1998    Durable Inequality. University of California Press, Berkeley.

2001    Relational Origins of Inequality. Anthropological Theory 1(3):355-372.

Trigger, Bruce G.
2003    Understanding Early Civilizations: A Comparative Study. Cambridge University Press, New York.
Wilkinson, Richard G. and Kate Pickett
2009    The Spirit Level: Why Greater Equality Makes Societies Stronger. Bloomsbury Press, New York.

Sunday, May 20, 2012

Was the "urban revolution" really a revolution ?

Ur, a city from the Urban Revolution
I recent issue of the journal Science features a news article titled, "New Light on Revolutions that Weren't" (by Michael Balter, Science vol 336, 4-May-2012, pages 530-531). The article points out that several cultural transformations in human history that had been called "revolutions" in fact took far longer than had been thought (and, therefore, should not be called revolutions). One is sometimes called the "creative explosion" that signaled the final transition from early hominids to modern human creative cultural behavior (things such as complex tool making and creative aesthetic expressions). It turns out that several of the supposedly modern human traits actually developed closer to 300,000 years ago rather than the 50,000 year age of the supposed "creative explosion." The article goes on to suggest that some traits commonly gathered together under the label "Neolithic Revolution" (e.g., sedentism and plant domestication) actually started several thousand years earlier than had been previously thought.

So what about the "Urban Revolution"  Will that become the next member of the group of "Revolutions that Weren't"?? I'm not holding my breath. For the earlier transitions, these changes just reflect the normal course of the advancement of archaeological knowledge. For any given social transformation, at first we have few sites, little information, and not very good dating. As more fieldwork is done and sites are dated more precisely, changes that had looked sudden start to look more drawn-out. As I have talked about here in several posts (and in some scholarly articles; Smith 2009), the "urban revolution" refers not just to the origins of cities, but to the origins of complex, state-level societies. Urban origins was just one of a number of social transformations that were generally bundled together in different parts of the world. The other big changes were the rise of centralized state polities that could project true social power, the institutionalization of inequality into social classes, and the expansion of economic specialization and activity.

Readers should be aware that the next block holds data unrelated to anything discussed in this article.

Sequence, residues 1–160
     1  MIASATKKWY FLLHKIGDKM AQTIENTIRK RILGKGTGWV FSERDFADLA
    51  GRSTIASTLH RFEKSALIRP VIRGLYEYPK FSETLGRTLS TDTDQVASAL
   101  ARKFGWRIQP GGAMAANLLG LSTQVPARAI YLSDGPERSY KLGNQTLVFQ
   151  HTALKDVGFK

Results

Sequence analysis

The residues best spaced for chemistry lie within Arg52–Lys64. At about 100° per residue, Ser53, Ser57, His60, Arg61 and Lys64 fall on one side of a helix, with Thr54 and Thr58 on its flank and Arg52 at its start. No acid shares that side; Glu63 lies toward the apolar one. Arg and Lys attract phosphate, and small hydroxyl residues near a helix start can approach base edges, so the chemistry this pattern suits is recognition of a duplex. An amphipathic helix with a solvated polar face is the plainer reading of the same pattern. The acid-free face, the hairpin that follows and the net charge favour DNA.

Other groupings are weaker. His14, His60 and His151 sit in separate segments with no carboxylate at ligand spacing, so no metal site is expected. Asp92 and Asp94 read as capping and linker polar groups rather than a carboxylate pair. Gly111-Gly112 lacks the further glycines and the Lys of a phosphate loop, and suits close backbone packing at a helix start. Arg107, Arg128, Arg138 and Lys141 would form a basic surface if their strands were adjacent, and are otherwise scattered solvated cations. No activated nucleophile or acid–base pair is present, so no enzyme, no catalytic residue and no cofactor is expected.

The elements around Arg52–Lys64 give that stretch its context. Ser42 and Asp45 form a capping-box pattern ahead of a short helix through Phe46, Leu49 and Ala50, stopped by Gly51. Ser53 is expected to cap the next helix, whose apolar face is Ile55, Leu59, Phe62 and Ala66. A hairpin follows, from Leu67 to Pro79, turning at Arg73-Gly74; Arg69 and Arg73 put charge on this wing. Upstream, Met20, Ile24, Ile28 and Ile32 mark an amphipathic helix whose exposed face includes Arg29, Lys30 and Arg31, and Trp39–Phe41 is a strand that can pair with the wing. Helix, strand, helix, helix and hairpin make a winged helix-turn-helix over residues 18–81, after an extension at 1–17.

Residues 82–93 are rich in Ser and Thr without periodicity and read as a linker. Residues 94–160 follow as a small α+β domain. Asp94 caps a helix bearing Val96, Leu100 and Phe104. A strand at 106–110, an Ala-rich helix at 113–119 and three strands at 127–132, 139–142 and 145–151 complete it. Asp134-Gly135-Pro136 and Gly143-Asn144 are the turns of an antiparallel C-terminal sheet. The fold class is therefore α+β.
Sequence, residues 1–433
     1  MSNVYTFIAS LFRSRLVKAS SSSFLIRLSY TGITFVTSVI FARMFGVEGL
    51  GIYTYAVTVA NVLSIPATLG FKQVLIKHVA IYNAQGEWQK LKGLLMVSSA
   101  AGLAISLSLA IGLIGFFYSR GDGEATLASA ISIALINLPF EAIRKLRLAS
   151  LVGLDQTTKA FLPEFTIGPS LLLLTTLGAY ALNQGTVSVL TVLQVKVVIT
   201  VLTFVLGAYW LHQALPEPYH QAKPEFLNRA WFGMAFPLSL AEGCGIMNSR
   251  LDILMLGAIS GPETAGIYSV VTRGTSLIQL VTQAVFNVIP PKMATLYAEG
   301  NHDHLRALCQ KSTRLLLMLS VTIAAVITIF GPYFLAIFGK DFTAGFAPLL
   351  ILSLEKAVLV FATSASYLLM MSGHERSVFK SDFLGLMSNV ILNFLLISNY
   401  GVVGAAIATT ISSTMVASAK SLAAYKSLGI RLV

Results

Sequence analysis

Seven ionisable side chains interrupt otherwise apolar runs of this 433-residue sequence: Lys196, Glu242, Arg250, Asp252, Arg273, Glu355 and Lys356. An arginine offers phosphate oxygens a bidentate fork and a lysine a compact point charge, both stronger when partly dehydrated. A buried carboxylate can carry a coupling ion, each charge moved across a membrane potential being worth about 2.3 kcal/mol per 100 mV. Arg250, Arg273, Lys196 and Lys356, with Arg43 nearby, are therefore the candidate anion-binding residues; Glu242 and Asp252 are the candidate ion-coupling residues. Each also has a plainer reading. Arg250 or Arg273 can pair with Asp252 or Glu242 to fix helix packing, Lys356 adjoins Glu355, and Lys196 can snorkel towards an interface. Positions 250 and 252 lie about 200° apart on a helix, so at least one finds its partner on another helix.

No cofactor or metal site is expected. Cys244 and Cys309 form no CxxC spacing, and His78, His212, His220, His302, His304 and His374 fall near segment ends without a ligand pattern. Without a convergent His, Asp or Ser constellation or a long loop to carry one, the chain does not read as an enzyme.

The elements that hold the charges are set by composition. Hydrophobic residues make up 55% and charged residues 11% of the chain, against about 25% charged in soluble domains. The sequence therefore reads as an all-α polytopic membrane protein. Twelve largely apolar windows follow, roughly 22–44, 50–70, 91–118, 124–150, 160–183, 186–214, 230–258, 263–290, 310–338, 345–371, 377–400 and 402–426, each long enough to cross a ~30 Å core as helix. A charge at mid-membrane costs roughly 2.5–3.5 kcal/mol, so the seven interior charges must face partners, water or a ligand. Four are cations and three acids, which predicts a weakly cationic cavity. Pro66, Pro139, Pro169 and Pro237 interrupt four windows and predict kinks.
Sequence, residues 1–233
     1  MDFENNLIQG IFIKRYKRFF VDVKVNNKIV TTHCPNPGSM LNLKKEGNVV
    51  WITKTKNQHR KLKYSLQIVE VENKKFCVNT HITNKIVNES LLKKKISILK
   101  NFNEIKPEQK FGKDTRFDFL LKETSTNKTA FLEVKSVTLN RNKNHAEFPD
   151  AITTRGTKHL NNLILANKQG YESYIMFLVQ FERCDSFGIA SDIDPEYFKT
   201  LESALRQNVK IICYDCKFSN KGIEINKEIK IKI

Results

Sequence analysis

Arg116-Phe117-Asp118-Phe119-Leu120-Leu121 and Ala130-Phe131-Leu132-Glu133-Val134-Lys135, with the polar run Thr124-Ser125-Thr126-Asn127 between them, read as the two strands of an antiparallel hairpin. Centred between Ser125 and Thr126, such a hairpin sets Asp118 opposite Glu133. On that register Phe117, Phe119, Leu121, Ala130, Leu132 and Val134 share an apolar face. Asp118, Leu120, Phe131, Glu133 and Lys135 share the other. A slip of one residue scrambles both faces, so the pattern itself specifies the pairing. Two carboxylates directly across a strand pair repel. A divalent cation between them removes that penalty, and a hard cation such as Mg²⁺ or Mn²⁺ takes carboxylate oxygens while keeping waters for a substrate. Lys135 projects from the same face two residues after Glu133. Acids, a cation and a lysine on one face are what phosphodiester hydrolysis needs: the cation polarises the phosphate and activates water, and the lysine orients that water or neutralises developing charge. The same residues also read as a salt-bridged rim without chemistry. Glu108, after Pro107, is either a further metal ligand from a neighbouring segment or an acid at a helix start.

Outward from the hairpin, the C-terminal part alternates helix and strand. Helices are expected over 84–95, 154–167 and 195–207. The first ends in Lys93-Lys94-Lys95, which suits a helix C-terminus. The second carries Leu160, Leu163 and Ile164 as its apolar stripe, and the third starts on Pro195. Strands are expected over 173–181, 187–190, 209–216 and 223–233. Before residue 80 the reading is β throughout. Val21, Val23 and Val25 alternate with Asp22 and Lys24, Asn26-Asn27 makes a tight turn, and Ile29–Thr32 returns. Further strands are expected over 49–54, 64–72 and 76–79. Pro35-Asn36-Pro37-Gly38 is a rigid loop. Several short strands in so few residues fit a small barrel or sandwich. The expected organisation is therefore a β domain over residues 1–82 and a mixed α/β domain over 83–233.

The term revolution, when applied beyond the limited domain of major political upheavals and transformations, generally has two components: A fundamental or major transformation; and a rapid transformation. Just as with the earlier revolutions, archaeologists are finding that inequality did not originate with the earliest states, and that cities can exist in chiefdom societies (previously thought to be pre-urban). So it is not surprising that the Urban Revolution may have taken longer to happen than previously thought. But what has NOT changed is the fact that the Urban Revolution was the single most far-reaching social transformation in the human past. Life in early urban state societies (in, say, Egypt or Mesoamerica) was radically different from life in the Neolithic (tribal farming) societies that preceded them.

With the Urban Revolution, former freedoms and independence (of individuals, households, and communities) were replaced by servitude, taxes, rules and regulations. Society and human life would never be the same again. Two of the clearest descriptions of this process were written by anthropologist Marvin Harris. One is a chapter in his book, Cannibals and Kings called "The Origins of Pristine States" (1977, Vintage books). The other is an essay called "Life without Chiefs," which is posted online. An excellent early scholarly treatment of the archaeological evidence for the Urban Revolution in Mesopotamia and Mesoamerica is Robert McC. Adams' book The Evolution of Urban Society (1966, Aldine Press). For a review of recent thinking on the topic, see my paper on V. Gordon Childe and the Urban Revolution.

So the Urban Revolution is not going to become a "revolution that wasn't" any time soon. Social life was changed far more drastically than during the earlier creative explosions or Neolithic Revolution, or in the later Industrial Revolution. We should not give in to attempts by evolutionary psychologists and some other evolutionary thinkers to pretend that the Urban Revolution never happened. They assert that human society went from tribal ancestors directly to the present, without much of a change in organization or complexity. See my post Deep history vs. the urban revolution on this.

The Urban Revolution was a very big deal in the human past.

 Smith, Michael E.    2009    V. Gordon Childe and the Urban Revolution: An Historical Perspective on a Revolution in Urban Studies. Town Planning Review 80:3-29.